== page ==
If you look at the extended supply chain, every step adds value, so if you just bring something to end-users that creates lots of value, then the question is, how will this value be redistributed along the supply chain? Businesses are at the point where they are playing catch up as the process evolves, adopting different tools to incorporate MT in daily works. First, translators must understand how machines work; then, native speakers will review machine reports, improving the machine translation models. Through this process, the translators change from being “support engines” to people involved in localization; they train the technology.
Audience member Nicole Kittle, Roku asks Konstantin how expensive it is to train up like this and its value. She says that ideally, you want a trained engine to work on your content, but if you have technical content, is there any value to an untrained engine, noting that their people are still very hesitant with machine translation, particularly in life sciences. Konstantin explains that you cannot just blindly use a stock engine, and you cannot throw your content into any customizable system then take it and use it. You have to know how it works on your particular content before you go all-in into production. While they do use stock engines in some cases, they add some things on top to make them more appropriate.
When editing and evaluating performance, you may see specific issues with terminology, which must then be “trained.” With any language, there must be consistency in the translation, i.e., formal or informal. There is a question regarding ways to estimate the quality that comes out of the engines. Konstantin says that quality summation is a broad and complex topic and that everyone is looking for the “holy grail.” He notes that they played with many different technologies from vendors and that most of the translation will be under the bell curve—not too good or too bad.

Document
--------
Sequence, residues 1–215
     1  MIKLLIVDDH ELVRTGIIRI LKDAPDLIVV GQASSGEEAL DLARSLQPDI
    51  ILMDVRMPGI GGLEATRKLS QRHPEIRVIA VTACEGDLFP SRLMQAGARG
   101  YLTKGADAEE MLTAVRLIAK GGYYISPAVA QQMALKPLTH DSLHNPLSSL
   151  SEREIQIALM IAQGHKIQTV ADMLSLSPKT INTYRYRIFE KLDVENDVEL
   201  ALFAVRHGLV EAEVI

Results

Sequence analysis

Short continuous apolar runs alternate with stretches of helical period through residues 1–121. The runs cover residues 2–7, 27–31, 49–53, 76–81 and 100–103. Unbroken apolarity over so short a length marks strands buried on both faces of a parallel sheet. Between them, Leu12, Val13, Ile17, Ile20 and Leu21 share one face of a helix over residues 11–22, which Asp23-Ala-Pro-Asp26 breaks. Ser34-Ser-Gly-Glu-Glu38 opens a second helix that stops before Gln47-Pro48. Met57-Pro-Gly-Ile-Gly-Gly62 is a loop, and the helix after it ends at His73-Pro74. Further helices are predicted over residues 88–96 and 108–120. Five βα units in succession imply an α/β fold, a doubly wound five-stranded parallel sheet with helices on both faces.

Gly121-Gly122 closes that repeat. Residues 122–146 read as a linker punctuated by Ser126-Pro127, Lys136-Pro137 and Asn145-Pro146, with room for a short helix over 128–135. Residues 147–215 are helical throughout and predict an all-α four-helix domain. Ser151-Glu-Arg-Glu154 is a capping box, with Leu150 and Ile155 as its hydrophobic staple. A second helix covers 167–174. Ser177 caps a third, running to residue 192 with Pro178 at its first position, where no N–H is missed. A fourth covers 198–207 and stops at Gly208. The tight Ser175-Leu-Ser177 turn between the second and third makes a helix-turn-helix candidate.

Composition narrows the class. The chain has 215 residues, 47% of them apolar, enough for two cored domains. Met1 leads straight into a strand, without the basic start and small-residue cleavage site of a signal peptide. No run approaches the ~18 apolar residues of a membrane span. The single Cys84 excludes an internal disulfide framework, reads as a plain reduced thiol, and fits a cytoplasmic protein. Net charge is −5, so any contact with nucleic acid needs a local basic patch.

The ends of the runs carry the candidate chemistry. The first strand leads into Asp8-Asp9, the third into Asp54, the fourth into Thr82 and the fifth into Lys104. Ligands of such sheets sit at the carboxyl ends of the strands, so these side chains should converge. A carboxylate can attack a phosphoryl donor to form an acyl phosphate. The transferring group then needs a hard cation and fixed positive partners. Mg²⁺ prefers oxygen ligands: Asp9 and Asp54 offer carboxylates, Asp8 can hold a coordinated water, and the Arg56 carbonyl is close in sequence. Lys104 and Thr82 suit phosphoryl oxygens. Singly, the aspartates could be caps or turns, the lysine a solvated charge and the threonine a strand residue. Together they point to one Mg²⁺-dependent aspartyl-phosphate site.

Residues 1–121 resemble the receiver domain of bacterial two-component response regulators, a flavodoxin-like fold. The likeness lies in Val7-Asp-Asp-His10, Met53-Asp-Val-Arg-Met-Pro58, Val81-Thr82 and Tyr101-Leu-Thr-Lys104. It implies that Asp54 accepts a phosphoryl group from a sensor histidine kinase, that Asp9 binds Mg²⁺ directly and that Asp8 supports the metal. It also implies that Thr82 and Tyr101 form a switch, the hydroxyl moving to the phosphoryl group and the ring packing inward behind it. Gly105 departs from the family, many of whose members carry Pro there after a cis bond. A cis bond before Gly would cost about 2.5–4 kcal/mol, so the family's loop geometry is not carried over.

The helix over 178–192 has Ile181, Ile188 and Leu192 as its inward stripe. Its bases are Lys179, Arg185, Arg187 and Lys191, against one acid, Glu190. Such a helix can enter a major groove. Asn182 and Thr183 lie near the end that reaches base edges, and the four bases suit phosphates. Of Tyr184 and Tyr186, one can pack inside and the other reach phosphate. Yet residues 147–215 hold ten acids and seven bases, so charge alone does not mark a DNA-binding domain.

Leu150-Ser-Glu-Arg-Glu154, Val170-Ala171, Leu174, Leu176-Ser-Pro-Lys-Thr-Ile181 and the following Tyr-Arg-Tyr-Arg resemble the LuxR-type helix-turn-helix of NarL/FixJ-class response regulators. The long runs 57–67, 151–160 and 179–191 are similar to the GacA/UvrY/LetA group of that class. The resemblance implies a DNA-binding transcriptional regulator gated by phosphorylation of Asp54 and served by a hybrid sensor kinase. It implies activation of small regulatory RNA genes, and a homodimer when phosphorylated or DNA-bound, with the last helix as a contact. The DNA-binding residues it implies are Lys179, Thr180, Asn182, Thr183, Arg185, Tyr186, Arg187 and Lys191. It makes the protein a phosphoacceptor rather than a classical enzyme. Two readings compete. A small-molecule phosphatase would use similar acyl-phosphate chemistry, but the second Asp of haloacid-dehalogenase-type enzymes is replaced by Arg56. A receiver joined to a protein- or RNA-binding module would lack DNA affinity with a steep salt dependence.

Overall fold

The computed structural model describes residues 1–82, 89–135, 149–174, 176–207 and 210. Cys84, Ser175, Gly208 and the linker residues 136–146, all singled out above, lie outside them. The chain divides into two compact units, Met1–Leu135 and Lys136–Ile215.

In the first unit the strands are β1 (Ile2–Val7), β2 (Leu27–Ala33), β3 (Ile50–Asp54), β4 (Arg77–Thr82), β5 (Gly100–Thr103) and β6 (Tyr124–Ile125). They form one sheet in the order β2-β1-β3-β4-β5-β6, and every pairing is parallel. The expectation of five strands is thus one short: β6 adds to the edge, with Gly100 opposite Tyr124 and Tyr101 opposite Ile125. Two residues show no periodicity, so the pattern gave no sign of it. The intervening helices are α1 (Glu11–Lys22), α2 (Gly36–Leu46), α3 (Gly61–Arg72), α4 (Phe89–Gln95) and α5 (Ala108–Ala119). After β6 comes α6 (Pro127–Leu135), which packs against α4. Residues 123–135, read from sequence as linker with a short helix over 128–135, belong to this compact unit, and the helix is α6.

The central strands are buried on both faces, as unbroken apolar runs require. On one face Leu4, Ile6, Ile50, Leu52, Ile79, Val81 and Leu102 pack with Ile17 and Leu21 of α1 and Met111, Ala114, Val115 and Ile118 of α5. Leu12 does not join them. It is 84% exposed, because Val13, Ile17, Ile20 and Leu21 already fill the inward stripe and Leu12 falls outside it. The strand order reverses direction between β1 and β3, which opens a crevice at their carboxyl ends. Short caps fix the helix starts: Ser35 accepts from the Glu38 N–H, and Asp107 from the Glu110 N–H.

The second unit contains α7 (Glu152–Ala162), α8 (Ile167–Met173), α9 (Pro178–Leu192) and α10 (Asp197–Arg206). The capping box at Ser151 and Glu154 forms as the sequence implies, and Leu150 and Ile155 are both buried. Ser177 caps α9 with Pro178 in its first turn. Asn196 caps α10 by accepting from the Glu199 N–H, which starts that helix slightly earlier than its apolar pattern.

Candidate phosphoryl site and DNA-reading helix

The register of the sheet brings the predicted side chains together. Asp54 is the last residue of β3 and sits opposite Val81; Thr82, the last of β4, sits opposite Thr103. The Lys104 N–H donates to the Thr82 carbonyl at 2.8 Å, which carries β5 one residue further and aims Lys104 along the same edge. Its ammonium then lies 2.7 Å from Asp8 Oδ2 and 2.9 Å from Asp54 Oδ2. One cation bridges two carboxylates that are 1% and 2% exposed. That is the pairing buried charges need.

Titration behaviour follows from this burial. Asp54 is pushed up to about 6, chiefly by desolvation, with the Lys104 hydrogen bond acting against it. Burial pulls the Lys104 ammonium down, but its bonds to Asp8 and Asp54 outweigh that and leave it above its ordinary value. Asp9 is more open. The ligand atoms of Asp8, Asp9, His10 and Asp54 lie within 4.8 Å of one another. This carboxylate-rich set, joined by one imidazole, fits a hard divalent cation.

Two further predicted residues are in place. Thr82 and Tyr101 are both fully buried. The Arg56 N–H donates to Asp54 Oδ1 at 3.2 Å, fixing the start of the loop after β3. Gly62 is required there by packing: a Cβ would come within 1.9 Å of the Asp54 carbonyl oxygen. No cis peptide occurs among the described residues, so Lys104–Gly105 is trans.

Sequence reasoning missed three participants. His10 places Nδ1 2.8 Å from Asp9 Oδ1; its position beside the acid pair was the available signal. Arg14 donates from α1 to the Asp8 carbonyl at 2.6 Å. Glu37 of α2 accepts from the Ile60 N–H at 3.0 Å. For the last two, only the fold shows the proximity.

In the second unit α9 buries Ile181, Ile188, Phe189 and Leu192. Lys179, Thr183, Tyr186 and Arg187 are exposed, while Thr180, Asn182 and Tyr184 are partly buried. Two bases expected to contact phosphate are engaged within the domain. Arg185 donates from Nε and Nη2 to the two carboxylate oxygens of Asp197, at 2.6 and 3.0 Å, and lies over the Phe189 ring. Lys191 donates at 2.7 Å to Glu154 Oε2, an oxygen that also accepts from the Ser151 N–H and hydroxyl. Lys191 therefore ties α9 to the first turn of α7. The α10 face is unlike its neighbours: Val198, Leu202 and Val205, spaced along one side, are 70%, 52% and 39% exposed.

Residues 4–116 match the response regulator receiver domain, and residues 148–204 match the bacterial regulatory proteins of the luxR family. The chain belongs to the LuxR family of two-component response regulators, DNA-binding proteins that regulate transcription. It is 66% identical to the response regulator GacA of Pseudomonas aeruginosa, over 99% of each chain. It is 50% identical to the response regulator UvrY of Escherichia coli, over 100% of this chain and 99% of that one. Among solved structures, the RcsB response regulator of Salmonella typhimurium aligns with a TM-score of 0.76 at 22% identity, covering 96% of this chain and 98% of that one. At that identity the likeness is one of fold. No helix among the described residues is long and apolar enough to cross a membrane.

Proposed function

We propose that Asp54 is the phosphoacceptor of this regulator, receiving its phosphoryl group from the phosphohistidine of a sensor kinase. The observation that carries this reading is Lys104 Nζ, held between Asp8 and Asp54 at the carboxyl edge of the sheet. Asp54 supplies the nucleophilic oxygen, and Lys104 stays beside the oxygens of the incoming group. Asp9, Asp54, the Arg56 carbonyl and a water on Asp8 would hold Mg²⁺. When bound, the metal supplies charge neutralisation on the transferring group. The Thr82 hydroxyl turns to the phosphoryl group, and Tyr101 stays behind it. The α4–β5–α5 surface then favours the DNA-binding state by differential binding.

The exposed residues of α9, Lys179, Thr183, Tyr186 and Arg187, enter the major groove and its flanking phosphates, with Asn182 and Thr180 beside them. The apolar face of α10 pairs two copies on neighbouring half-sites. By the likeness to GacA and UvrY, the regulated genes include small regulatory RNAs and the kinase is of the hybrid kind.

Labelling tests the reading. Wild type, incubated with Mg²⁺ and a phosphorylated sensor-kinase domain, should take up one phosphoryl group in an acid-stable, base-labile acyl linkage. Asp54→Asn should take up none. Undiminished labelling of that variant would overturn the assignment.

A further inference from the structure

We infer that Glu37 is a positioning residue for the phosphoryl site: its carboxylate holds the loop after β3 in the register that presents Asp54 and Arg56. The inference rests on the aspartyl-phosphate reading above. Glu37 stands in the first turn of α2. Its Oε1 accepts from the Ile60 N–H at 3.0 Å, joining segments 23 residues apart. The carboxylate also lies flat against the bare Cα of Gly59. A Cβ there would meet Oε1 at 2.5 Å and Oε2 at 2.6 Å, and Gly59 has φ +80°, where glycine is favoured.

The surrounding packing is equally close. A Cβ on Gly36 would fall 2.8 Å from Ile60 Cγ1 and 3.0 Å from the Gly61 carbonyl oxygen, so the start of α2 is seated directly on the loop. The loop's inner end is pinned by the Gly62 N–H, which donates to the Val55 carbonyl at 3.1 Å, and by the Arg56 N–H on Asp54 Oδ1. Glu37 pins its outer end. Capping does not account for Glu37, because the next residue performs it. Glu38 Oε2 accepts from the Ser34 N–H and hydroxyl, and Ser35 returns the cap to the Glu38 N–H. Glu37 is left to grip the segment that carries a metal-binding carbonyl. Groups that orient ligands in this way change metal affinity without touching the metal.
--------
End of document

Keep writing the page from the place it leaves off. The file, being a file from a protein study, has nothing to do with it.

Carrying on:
Audience member Jeff McIntosh, Fedex has a question regarding the industry average on the amount of engine training or how often the engine training should occur. Konstantin answers that it would likely depend on the volume of new data; rarely does a company have enough data to update engines more than quarterly; the data must be cleaned, and cleaning typically filters 60-80 percent, not necessarily because of bad translations, but because it’s not appropriate for training. He notes that it is a factor with the budget, obviously, but that at least once a year, they update to see whether they are on par with the industry average. If data sets increase about ten percent, you will get a boost from an update, less than ten percent; you probably shouldn’t expect much.
Rachel Hegeman, Pitney Bowes wonders how much difference there is in the MT quality that comes out when content is specifically written to optimize MT. Konstantin says this is a critical topic; when they evaluate machine translation engines, they can pinpoint source sentences that create problems for the engines—you can see where most of the issues come from, resulting in essential feedback.
There are sentences that create issues for all engines in specific domains, and they can be addressed by writing differently. Konstantin says they previously published guidelines on how to write for machine translation based on their observations. He further notes that he uses a unique way of writing emails in English to avoid any ambiguities since there can be issues with colloquialisms or even typos.
Viktor Pless, LogMeIn asks if an engine has been trained with custom data from their own material, would they be better off using a stock engine that has been very fine-tuned? Konstantin states in some instances, you can rely on a glossary to capture your endowment terminology but have to train, particularly for new terminology that is very specific to your industry. There must be sufficient context, and if there’s not, the engine must be customized.
The final questions are regarding the tone of voice. How can it be fixed when MT is deployed for multilingual content—addressing the tone of voice beforehand? Konstantin addresses gender bias in some instances, noting it can be a lack of context. Even if you know your tone of voice, the MT engine is mostly just blindly guessing if you have a short sentence with little context. In addition, the tone of voice can be a problem when translating from English because you may get a mix of formal and informal.